Can any one suspect that this is spoken of Jupiter, who had both a mother and a name? Why should I say that Mercury, that thrice greatest, of whom I have made mention above, not only speaks of God as “without a mother,” as Apollo does, but also as “without a father,” because He has no origin from any other source but Himself? For He cannot be produced from any one, who Himself produced all things. I have, as I think, sufficiently taught by arguments, and confirmed by witnesses, that which is sufficiently plain by itself, that there is one only King of the universe, one Father, one God.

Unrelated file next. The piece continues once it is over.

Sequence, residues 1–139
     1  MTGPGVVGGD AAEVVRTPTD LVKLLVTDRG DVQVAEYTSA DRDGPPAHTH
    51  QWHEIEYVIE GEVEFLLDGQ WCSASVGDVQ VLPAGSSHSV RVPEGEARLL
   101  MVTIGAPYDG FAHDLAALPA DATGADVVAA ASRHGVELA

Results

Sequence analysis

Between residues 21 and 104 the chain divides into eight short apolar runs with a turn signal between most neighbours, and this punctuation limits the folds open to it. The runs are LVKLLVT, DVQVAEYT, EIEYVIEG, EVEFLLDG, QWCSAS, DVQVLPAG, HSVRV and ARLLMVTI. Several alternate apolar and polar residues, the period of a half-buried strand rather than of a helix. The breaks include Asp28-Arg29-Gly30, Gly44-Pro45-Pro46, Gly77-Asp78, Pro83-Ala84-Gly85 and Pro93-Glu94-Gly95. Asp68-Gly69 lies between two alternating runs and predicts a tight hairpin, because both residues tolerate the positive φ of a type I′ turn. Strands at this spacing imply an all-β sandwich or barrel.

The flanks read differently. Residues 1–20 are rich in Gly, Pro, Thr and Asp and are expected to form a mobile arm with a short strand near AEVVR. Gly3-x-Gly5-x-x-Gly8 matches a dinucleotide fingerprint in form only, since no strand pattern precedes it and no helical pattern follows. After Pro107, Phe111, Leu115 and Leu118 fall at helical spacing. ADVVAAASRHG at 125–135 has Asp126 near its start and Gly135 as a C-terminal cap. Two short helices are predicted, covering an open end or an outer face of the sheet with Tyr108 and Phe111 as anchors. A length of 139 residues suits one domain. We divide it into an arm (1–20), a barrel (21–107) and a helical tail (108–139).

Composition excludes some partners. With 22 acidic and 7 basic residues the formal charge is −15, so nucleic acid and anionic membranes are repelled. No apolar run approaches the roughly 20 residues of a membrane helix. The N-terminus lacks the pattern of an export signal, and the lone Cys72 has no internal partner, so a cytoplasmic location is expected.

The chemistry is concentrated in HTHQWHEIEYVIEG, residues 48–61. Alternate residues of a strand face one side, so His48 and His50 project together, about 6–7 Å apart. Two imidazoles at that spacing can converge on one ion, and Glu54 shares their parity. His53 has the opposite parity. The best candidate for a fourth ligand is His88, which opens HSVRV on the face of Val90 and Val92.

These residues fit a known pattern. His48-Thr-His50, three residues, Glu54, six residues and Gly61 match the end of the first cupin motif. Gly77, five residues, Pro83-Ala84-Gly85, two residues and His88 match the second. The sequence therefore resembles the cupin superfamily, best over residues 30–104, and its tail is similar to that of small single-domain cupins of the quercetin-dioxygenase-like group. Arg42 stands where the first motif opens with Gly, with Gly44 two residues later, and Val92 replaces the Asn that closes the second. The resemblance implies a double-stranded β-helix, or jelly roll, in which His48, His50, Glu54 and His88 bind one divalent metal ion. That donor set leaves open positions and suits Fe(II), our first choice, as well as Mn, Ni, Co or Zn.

But perchance some one may ask of us the same question which Hortensius asks in Cicero: If God is one only, what solitude can be happy? As though we, in asserting that He is one, say that He is desolate and solitary. Undoubtedly He has ministers, whom we call messengers. And that is true, which I have before related, that Seneca said in his Exhortations that God produced ministers of His kingdom. But these are neither gods, nor do they wish to be called gods or to be worshipped, inasmuch as they do nothing but execute the command and will of God. Nor, however, are they gods who are worshipped in common, whose number is small and fixed. But if the worshippers of the gods think that they worship those beings whom we call the ministers of the Supreme God, there is no reason why they should envy us who say that there is one God, and deny that there are many. If a multitude of gods delights them, we do not speak of twelve, or three hundred and sixty-five as Orpheus did; but we convict them of innumerable errors on the other side, in thinking that they are so few. Let them know, however, by what name they ought to be called, lest they do injury to the true God, whose name they set forth, while they assign it to more than one. Let them believe their own Apollo, who in that same response took away from the other gods their name, as he took away the dominion from Jupiter. For the third verse shows that the ministers of God ought not to be called gods, but angels.